Last time I surfaced on these virtual pages I was on my way to Boston for the Extreme Beer Festival, specifically the Night of the Barrels. If I were a novelist instead of a beer writer, I would probably spin a long story about how I ended up in Boston on one of those weird extended beer drinking odysseys -- perhaps a month long pubcrawl where I and my beer-seeking friends stumble from pub to pub sampling whatever we can find and stirring up trouble along the way. While the excursion to Boston was exciting, the aftermath was anticlimactic with me ending up with a microbiological infestation of the lungs which prevented my enjoyment of beer for almost two weeks.
I did scribble a notebook full of observations while in Boston and shot some 150 photographs, but I didn't get down to the hard work of transforming this rough material into the fabric of narrative until I returned to Long Island. It took me almost an entire week to write-up this Boston beer adventure in rough form. That's when the bug bit me and reduced me to drinking nothing but tea, orange juice, and chicken broth.
It wasn't my idea to go to the Extreme Beer Festival in Boston. Usually, when I see the word "extreme" and "beer" paired together I run the other way. The reason for this is that over the years I've grown tired of syrupy, under-attenuated, alcohol bombs. The thirsty beer drinker in me wants to tilt back a glass and slake that seemingly unquenchable thirst that constantly plagues me. Also, if I'm going to sip on something, give me a single malt scotch. Heresy! you say?
I admit a prejudice against "extreme beers" that is not deserved and is shaped more by my non-systematic and idiosyncratic tasting habits. For example, when I think of "extreme beer" I think of barleywine or imperial this or double that. To be frank, I've had very few Imperial Pilsners that were improvements on their less imperial cousins. I've also balked (perhaps unfairly) at what I perceived of as a trend in beer making and consuming that was more concerned with machismo than taste. You know what I mean -- the idea that you are more of a man if you can pound down three pints of barleywine than your buddy who is sticking with the cask conditioned mild or ordinary bitter. What about those hop heads? Going for the 100 plus IBU beers. Do people really like those beers or do they have compensation issues?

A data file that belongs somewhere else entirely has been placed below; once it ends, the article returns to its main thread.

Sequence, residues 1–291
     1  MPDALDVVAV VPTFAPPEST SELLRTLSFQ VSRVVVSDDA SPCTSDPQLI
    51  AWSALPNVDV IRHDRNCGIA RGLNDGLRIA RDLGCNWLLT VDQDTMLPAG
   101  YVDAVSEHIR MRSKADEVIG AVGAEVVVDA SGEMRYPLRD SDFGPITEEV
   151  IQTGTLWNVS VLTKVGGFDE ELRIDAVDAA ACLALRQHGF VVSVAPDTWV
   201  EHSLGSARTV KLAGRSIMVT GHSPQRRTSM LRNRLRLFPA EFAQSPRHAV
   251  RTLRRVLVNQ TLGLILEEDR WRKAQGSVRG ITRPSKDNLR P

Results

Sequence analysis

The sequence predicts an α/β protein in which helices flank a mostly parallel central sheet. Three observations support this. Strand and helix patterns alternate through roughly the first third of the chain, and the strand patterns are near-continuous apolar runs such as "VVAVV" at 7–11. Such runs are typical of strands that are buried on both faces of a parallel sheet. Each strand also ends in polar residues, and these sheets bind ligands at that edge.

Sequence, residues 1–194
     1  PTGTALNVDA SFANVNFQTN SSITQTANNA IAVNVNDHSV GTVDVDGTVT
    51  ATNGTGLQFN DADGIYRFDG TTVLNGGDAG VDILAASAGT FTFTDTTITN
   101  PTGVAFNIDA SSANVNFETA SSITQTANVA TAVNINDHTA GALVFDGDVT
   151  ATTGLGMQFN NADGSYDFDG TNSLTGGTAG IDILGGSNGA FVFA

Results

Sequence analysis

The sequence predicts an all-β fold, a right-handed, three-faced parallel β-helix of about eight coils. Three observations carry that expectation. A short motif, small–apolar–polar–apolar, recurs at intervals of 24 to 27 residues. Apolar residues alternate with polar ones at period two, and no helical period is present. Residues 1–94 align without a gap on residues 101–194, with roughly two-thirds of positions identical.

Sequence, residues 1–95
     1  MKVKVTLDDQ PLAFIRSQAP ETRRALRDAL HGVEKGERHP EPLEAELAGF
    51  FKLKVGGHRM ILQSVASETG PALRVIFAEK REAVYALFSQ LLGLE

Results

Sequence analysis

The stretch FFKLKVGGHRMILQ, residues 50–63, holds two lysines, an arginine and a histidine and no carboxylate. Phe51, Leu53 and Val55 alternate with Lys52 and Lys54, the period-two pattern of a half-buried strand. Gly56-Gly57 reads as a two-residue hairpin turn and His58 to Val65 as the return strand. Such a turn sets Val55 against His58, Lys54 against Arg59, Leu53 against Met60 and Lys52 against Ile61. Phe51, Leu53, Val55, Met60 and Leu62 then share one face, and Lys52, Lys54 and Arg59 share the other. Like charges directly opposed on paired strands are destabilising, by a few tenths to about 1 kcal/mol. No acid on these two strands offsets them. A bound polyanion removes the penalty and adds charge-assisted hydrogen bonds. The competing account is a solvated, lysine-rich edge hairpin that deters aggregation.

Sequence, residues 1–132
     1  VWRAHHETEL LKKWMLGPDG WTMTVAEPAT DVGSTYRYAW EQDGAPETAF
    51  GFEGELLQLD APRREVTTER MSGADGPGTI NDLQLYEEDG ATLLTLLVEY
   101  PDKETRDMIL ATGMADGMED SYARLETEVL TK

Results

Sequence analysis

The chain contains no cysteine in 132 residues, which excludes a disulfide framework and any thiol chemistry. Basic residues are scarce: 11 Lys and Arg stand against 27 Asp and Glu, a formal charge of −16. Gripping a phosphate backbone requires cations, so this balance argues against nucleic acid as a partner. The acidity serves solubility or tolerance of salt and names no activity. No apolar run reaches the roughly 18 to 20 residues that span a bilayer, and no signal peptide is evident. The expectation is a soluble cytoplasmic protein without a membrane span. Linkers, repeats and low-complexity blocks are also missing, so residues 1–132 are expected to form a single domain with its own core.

It's a good thing that I went to the Night of the Barrels because that experience showed me what the term "extreme beer" really means. So what is extreme beer, really?
Extreme beer is one of those terms with a temporally sliding meaning. Extreme beer today is tomorrow's normal beer. Basically, extreme beer is any beer that is on the cutting (bleeding?) edge of the flavor-aroma-alcohol phase space. Extreme beer is the ever expanding surface defined by the maximal points on a multi-axis graph. Alcoholic content and IBUs are only two possible axes. We could probably define at least a dozen different flavor axes: acidic, sweet, smoky, malty, etc.
What I learned at the Night of the Barrels specifically is that brewers here in the US are starting to learn and experiment with the complexity and multiplicity of flavors introduced by barrel aging and blending beer. It's not just about alcohol and IBUs. It's about the flavor.